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(0,1) ~ [0,1]

  1. Sep 20, 2007 #1
    Prove (0,1) ~ [0,1]

    I can think of an indirect proof:
    1st step: make (0,1) ~ N , using a tangent function that is a 1-1 mapping from N to (0,1).
    2nd step: since (0,1) is a subset of [0,1], if (0,1) is uncountable, then [0,1] must be uncountable
    Problem: But these two steps doesn't necessarily mean (0,1)~[0,1], how can I resolve that? Even better, is there a direct proof? I really can't think of f such that f(0.0000...1)=0
     
  2. jcsd
  3. Sep 20, 2007 #2

    matt grime

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    Yes, there is a direct proof. It is trivial. It has even been given on this forum in the last couple of weeks. It is no harder than finding a bijection from {01,2,3,4....} to {1,2,3,4....}.
     
  4. Sep 20, 2007 #3
    do you have a link? I searched and found nothing
     
  5. Sep 20, 2007 #4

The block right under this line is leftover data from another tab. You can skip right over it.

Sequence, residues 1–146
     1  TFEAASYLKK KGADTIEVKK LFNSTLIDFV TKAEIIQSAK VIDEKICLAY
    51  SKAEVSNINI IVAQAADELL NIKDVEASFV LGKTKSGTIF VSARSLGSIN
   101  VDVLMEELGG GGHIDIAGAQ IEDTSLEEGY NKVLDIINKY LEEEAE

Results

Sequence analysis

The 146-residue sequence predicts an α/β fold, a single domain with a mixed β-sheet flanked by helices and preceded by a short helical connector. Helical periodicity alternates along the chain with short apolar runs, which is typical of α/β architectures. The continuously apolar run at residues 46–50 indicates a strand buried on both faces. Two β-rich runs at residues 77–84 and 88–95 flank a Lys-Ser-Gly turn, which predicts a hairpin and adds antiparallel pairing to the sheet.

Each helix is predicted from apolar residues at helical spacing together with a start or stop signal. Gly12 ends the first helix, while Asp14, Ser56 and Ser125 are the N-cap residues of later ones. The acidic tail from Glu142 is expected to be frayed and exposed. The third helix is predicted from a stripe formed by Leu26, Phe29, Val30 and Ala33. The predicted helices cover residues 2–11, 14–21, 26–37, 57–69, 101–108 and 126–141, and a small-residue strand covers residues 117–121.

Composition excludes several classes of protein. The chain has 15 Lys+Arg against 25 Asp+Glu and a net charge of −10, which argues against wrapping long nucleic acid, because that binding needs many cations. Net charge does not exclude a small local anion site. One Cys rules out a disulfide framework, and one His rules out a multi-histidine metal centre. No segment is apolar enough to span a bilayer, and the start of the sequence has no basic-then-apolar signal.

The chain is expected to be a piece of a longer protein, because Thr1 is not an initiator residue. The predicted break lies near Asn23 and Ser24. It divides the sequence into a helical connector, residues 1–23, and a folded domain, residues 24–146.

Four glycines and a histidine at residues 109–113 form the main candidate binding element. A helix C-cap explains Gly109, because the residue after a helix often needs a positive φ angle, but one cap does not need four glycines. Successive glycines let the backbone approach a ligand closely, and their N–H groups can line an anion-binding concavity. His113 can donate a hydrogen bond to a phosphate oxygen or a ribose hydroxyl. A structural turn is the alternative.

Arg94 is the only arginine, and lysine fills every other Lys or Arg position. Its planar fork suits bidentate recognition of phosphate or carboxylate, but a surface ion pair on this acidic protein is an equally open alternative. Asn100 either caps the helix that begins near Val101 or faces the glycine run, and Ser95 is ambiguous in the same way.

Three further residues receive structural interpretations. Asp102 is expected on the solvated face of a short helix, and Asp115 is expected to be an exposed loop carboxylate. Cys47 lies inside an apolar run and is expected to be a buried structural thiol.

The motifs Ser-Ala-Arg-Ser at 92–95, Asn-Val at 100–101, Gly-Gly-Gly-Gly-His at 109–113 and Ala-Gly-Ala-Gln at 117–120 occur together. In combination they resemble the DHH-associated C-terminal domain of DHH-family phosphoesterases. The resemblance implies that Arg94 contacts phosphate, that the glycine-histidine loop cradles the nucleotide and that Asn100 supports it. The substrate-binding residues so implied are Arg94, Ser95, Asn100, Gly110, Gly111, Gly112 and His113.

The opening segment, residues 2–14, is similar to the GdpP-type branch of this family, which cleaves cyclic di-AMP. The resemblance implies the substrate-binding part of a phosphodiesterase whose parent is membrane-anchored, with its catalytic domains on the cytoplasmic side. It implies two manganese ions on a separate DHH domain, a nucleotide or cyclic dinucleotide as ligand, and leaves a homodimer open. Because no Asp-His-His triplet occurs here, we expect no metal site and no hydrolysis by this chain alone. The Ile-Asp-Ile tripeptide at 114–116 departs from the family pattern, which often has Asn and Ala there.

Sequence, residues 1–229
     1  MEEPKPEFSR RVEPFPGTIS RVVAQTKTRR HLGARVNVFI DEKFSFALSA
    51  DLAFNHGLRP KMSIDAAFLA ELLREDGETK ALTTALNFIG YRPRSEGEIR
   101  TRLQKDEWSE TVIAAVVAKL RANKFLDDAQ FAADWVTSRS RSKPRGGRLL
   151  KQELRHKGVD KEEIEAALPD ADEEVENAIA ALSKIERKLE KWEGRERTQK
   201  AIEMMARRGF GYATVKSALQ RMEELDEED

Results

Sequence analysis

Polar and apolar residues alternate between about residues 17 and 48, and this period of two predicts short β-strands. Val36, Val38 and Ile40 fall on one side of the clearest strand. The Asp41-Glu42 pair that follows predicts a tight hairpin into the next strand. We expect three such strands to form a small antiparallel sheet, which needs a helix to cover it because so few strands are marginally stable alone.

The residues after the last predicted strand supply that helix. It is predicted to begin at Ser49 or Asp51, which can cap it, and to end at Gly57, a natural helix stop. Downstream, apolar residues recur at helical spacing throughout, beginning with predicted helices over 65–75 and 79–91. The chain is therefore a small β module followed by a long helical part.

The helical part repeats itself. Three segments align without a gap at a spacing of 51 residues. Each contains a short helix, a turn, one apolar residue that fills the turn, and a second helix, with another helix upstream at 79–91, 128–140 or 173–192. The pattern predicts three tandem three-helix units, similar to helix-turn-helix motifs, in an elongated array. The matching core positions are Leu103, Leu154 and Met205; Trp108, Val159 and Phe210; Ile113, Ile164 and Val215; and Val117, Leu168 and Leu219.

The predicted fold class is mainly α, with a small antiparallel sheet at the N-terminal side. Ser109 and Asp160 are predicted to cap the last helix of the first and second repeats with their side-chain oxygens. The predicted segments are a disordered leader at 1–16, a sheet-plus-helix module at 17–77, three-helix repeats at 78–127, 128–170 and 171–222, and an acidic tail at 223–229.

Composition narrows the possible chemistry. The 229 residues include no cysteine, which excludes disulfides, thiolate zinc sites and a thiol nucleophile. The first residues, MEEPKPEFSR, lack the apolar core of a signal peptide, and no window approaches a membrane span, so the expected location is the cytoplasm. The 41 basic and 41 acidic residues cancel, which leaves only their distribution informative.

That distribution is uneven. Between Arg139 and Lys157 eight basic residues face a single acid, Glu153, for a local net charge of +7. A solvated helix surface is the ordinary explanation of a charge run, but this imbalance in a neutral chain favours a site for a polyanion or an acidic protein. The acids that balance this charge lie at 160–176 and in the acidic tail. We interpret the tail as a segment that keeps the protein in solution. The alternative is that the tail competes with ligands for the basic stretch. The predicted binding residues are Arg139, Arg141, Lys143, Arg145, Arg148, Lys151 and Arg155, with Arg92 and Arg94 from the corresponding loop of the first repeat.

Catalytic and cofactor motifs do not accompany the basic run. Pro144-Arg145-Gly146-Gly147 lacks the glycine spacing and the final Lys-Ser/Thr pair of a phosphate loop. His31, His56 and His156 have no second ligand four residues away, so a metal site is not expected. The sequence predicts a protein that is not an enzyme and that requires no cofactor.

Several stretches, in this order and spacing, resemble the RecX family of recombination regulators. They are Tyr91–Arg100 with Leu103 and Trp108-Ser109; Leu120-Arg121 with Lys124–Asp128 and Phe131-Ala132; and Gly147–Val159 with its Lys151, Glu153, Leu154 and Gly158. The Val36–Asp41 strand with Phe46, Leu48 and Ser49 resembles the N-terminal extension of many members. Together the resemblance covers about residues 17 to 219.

EnumaElish

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    What exactly is a 1-1 mapping from N to (0,1)?
     
  6. Sep 20, 2007 #5
  7. Sep 20, 2007 #6

    HallsofIvy

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    First, map the inrrational numbers into themselselves.

    Since the rational number are countable, we can order them: [itex]r_1, r_2, r_3, \cdot\cot\cot[/itex]

    Now, map [itex]r_1[/itex] to 0, [itex]r_2[/itex] to 1, [itex] r_n[/itex] to [itex]r_{n-2}[/itex] for n>1.
    (I have absolutely no idea where "cot cot cot" came from!)
     
  8. Sep 21, 2007 #7
    It's the cotangent function. You've seemed to have forgotten a 'd' in your code.
     
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